Loma Linda University researchers are studying how proton therapy can be used to help relieve chronic pain afflicting US military service members and veterans.

“Our study is focusing on the nerve areas where the pain is coming from. We are targeting those areas with proton beam radiation to neutralize the pain so the brain doesn’t interpret it as a painful area,” says Jerry D. Slater, MD, chairman and medical director of the Loma Linda University Cancer Center (LLUCC)’s Department of Radiation Medicine and James M. Slater, MD, Proton Treatment & Research Center, in a media release from Loma Linda University Medical Center.

“We hope that by neutralizing the pain, we can help decrease the need for pain medication, which not only is expensive, but can also have disabling side effects,” he adds.

Proton beams are specifically programmed to reach the exact depth needed to release their maximum energy, which targets only the designated treatment area while sparing surrounding healthy tissue. As a result, the treatment benefits are significantly maximized while unwanted side effects are greatly reduced, the release explains.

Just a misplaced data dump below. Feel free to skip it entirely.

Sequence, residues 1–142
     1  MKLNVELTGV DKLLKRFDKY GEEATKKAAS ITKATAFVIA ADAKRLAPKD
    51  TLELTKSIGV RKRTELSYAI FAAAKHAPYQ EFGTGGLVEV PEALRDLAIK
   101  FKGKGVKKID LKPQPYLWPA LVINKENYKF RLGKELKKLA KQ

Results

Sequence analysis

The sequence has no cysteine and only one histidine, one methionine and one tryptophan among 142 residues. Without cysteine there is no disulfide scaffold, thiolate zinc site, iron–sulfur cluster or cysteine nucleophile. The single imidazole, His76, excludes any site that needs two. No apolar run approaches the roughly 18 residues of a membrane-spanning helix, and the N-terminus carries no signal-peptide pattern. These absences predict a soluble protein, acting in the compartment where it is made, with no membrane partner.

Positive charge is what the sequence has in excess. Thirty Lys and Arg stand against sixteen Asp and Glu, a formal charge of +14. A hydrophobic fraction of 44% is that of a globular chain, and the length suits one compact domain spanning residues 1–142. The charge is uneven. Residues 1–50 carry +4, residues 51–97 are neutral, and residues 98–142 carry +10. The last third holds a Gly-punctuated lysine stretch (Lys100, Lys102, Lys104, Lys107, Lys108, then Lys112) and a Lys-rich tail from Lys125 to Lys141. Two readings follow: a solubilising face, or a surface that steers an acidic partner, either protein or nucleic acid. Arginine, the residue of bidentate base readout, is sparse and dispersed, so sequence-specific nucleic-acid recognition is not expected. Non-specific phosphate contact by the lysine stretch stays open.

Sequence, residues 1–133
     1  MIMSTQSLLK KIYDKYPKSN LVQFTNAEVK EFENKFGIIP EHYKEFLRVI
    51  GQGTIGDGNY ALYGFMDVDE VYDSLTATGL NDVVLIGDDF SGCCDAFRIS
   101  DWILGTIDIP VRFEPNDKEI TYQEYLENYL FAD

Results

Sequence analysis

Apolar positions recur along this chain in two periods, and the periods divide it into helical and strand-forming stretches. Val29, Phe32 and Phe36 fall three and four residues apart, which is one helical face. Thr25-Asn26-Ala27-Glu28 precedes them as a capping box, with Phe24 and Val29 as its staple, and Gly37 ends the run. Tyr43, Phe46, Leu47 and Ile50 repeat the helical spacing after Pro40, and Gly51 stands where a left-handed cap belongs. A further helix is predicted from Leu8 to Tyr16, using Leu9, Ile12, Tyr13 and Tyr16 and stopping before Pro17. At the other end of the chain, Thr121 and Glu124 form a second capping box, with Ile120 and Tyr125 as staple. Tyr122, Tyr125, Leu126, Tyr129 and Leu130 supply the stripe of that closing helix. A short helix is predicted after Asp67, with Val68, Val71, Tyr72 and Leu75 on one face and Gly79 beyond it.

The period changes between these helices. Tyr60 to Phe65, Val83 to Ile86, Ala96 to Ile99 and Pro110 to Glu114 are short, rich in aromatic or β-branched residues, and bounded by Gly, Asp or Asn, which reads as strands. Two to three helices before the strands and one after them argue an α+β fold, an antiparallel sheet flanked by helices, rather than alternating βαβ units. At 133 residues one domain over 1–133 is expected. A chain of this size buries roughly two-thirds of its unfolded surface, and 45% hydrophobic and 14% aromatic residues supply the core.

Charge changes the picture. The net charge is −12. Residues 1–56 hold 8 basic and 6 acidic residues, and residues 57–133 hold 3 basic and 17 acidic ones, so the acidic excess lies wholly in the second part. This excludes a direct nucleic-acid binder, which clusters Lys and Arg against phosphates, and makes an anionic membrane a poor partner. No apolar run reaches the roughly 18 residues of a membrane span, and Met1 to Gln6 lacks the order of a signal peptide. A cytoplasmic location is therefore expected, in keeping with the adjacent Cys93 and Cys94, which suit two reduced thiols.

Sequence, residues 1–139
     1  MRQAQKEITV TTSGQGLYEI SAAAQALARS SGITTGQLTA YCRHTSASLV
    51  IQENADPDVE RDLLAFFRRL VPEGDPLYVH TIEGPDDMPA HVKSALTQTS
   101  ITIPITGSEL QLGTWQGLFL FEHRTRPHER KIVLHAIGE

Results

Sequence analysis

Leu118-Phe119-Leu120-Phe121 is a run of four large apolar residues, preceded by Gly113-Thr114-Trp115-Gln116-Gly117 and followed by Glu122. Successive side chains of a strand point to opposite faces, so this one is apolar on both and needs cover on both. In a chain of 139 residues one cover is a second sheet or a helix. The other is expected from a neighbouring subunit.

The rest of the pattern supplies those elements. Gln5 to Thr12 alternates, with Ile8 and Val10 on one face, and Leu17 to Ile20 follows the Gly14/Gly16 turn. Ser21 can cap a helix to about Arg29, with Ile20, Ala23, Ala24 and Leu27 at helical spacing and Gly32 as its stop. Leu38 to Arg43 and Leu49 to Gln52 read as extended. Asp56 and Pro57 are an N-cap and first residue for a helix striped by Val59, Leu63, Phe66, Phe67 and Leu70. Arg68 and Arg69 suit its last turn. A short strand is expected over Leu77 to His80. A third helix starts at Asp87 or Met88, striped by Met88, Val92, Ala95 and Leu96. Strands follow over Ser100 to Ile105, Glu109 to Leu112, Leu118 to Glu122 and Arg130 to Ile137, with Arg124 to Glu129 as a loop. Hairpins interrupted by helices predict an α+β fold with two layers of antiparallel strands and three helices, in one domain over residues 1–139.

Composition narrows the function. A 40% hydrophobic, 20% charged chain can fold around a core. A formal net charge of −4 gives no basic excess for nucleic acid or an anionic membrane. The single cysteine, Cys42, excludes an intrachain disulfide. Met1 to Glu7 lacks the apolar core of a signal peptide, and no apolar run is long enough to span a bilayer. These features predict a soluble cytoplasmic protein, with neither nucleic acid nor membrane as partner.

According to the release, a June 2014 report in JAMA Internal Medicine notes that 44% of US military veterans suffer from chronic pain, compared to 26% of the general public, and costs the American healthcare system $635 billion per year.

“Through this study, we hope to ameliorate the chronic pain that affects so many veterans so they can truly enjoy the life they fought so hard to preserve,” Slater states in the release.

For more information, visit Loma Linda University Medical Center.

[Source(s): Loma Linda University Medical Center, Business Wire]